The provincial government should invest $37.5 million now and $75 million annually for 10 years to help treat people with moderate to severe depression and anxiety by expanding team-based care.
This recommendation from the Ontario Medical Association and Primary Care Collaborative is part of a four-point plan to strengthen mental health and addiction services within primary care settings. A recent Angus Reid poll found one in three Canadians is struggling with their mental health. Rates of new mental health and addictions diagnoses are rising, exacerbated by the pandemic, yet many have trouble finding care in their communities.
The requested funds would be used to embed much-needed mental health supports in interprofessional teams of primary care providers with expertise who could offer treatment locally for moderate to severe depression and anxiety.
“About three-quarters of Canadians rely on their primary care provider to treat their mental health needs and it’s significant care, especially in communities where there are no or few mental health specialists or wait times are long,” said OMA President Dr. Rose Zacharias. “If we created and funded these interprofessional teams for moderate to severe depression and anxiety, we could help seven to 10 per cent of Ontarians. Otherwise, these patients suffer alone or use hospitals that are not equipped to provide the specialised support they require.”
The plan also recommends:
• Expanding Health Connect Ontario to allow primary care doctors and patients to navigate the system, preventing unnecessary emergency visits and delays in care
• Expanding access to supervised consumption and treatment sites and other evidence-based harm reduction programs
• Implementing an Indigenous-led mental health and wellness strategy to address health inequities and challenges.
Ontario’s COVID-19 Science Advisory Table reported in September 2021 that since the onset of the pandemic, rates of emergency medical services for suspected opioid overdose have increased by 57 per cent and rates of fatal opioid overdose have increased by 60 per cent.
One in four Ontarians who died of an opioid overdose during the pandemic had an interaction with the health-care system in the week prior to death, suggesting potential missed opportunities for overdose prevention. In addition to allowing people to use substances safely, supervised consumption and treatment sites provide the opportunity for multiple contacts with health-care staff, social workers and other professionals.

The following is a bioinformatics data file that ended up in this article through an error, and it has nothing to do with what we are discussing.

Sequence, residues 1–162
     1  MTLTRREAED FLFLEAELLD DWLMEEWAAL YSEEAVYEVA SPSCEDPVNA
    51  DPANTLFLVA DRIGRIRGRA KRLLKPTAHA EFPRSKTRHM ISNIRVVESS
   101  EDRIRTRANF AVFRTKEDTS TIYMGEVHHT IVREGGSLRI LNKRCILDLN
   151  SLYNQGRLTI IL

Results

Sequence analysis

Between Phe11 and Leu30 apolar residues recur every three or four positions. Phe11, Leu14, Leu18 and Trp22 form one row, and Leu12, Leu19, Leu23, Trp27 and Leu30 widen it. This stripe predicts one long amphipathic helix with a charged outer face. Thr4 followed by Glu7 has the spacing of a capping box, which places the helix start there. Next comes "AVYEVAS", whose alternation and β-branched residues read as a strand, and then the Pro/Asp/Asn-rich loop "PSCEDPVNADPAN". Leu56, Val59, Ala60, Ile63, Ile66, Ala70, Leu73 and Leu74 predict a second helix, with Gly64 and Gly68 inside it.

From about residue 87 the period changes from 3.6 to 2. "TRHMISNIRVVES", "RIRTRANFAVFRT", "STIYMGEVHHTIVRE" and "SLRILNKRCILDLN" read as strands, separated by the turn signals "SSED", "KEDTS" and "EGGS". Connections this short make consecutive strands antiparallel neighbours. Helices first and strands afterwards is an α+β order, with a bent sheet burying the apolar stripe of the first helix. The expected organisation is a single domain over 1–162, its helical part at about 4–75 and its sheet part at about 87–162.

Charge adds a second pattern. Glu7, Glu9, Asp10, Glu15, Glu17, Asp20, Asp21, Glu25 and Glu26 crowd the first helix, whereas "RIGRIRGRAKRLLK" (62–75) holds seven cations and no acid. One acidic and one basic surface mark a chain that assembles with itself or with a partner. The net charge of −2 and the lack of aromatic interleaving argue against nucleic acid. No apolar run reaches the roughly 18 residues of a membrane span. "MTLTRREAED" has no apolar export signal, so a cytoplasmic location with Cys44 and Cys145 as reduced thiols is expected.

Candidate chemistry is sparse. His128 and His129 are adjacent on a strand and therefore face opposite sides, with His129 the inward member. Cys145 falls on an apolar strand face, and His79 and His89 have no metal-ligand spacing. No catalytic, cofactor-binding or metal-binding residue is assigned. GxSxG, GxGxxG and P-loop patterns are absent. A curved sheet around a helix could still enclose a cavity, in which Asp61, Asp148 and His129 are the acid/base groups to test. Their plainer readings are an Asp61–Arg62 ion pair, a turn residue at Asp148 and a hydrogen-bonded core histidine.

Throughout this pandemic, Indigenous Peoples with chronic conditions have consistently had worse physical, mental and social health than other Canadians. Low income, food insecurity, disrupted family dynamics, lack of immediate and ongoing social support, and increased substance use are among the most significant factors contributing to deteriorated mental wellness among Indigenous Peoples and communities.
“For most Ontarians, primary care is the first point of contact,” said the partners of the Primary Care Collaborative. “People underestimate the role that providers play as well as ongoing supports in many forms. People form trusting and continuous relationships with their family physician, nurse practitioner or primary care team, which enables this continuity of care. And, “while primary care provides these services, clinicians are chronically under equipped to do so in a meaningful way and have not seen the investments they need to provide support.”ϖ
The Ontario Medical Association represents Ontario’s 43,000-plus physicians, medical students and retired physicians.
The Primary Care Collaborative is an alliance of primary care organisations working to strengthen primary care as we move toward pandemic recovery.